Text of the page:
Nurses help woman with rare condition marry on 'best day of her life'

Kathleen Swallow and Eddie Eames planned to marry on March 4, before she developed Guillain Barre Syndrome.

A former patient at a Paisley hospital has thanked staff for helping her have the wedding of her dreams while she was admitted with a rare and serious condition.

Kathleen Swallow and her partner Eddie Eames had planned to marry before the pandemic, but after Covid foiled their plans four times, the pair rescheduled a fifth date for March 4, 2023.

However, on February 16, Ms Swallow began to feel a pins-and-needles sensation in her hands and feet.

Her GP thought it was an allergic reaction however she lost control of her legs by February 19 and was in intense pain.

At that point, she was taken to the Royal Alexandria Hospital – where doctors diagnosed her with Guillain Barre Syndrome.


“I was sent for a test, Guillain Barre was confirmed and treatment was started right away,” Ms Swallow, 33, said.

Guillain Barre is a very rare and serious condition that affects the nerves, causing problems such as numbness, weakness and pain.

It can be treated and most people eventually make a full recovery, although it can occasionally be life-threatening and some people are left with long-term problems.

“That doctor really did save my life. If they hadn’t reacted so quickly and looked after me like they did, I can’t bear to think what would have happened,” Ms Swallow added.

However, that was just the start of the story – on February 20, she dropped a bombshell on staff at the RAH: “I’m due to get married on March 4, less than two weeks from now.”

“When we heard what Kathleen had been through we thought, yes, we have to make this happen, to give her something to aim for,” said Angela Thomson, senior charge nurse on the ward Ms Swallow was being cared for.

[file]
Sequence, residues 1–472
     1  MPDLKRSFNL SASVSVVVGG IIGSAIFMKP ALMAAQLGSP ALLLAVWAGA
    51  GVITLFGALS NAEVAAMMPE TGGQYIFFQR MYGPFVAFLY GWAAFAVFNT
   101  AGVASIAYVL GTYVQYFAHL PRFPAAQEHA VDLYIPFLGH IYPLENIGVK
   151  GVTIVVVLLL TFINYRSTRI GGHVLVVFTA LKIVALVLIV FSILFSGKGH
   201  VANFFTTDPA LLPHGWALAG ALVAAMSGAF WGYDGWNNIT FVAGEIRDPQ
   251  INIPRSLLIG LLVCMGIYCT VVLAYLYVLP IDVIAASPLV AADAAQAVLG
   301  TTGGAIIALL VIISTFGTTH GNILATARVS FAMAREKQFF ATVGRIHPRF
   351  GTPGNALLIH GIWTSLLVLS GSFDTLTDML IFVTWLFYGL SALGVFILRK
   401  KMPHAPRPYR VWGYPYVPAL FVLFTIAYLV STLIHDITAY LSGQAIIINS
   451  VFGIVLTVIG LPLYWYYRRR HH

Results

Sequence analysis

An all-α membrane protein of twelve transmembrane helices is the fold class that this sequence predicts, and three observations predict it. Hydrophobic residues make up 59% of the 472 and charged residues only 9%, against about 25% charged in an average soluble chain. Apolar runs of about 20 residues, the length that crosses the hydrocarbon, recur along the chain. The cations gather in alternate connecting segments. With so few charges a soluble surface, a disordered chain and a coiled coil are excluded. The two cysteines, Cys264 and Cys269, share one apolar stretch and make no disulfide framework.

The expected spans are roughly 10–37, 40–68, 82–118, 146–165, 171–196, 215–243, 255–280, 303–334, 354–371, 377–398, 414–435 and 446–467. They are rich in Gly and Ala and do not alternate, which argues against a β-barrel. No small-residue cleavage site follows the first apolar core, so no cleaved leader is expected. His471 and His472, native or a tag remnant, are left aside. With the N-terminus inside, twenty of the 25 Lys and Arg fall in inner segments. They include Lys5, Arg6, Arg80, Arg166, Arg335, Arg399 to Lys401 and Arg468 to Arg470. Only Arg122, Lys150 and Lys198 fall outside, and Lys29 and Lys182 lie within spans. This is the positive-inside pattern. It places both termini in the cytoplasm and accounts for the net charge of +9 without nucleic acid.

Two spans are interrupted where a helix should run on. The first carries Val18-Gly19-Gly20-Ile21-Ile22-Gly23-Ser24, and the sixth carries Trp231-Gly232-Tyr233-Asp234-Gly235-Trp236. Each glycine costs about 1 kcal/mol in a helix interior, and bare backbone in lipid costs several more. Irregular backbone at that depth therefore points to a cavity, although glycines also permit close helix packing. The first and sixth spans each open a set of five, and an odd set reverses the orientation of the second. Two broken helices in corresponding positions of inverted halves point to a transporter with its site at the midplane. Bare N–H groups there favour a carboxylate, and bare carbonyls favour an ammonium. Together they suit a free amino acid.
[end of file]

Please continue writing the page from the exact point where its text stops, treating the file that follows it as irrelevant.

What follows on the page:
“We spoke to the neurologist, and when he said OK, it was all systems go.”

Ms Swallow added: “The doctors said, ‘If we can, we’ll get you in the best condition for your wedding’. I was so happy, and it made me really determined to get there.”

She was moved into a single room so she could have some privacy, and the whole team worked to get her well enough to make her wedding.


When the big day arrived, Ms Swallow was given the all-clear to attend the ceremony – although afterwards she would need to come back to the hospital to continue her treatment.

Once the couple were on their way, staff decorated her room with flowers, hearts and balloons, and they moved in a visitor bed so that Ms Swallow and Mr Eames, 34, could be in the same room after their wedding.

The new Mrs Eames said: “It was the perfect day. Even though I had to go up the aisle on crutches, and I was in a wheelchair at the reception, Eddie and I had such a wonderful time.”

Just four weeks after she was admitted, she was discharged and is now beginning to enjoy married life – with a special message for the hospital staff who helped her.

“If it wasn’t for the team at the RAH, none of this would have happened,” she said.

“All I can say is thank you. Thank you for saving me, thank you for the wonderful care you gave me – and thank you for the best day of my life.”

She also thanked her new husband, saying: “Eddie has been brilliant. He’s had so much to deal with over the past few weeks, but he’s handled it so well.

“Every day I’m feeling better. I have movement in my legs and am walking with crutches now. I can’t wait to see what married life has in store for us both.”


Ms Thomson congratulated the couple on their nuptials, saying: “Kathleen and Eddie are such a lovely couple, and we’re all delighted to have been able to help. But, really, it was Kathleen’s determination that got her there – the fight she put up was amazing.

“They really didn’t have to go to all this trouble. We honestly don’t look for thanks. We just do what we do. We’re blessed with such an amazing team in Ward 10.”

Lorna Loudon, chief nurse for the Clyde Sector of NHS Greater Glasgow and Clyde, said: “On behalf of everybody at the RAH, and across NHSGGC, I would like to extend my warmest congratulations to Kathleen and Eddie, and to thank her for her kind words.

“It is always very gratifying to hear when our staff go that extra mile to support our patients and their relatives, and I would also like to thank all the staff on Ward 10, and all other staff who were involved in Kathleen’s care.

“While Kathleen’s story is a particularly lovely one, every day our staff go out of their way to help those in their care, without any expectation of thanks or acknowledgement, and all of them deserve our appreciation, and our thanks.

“All of us at NHSGGC wish Kathleen and Eddie the very best for their new life together.”

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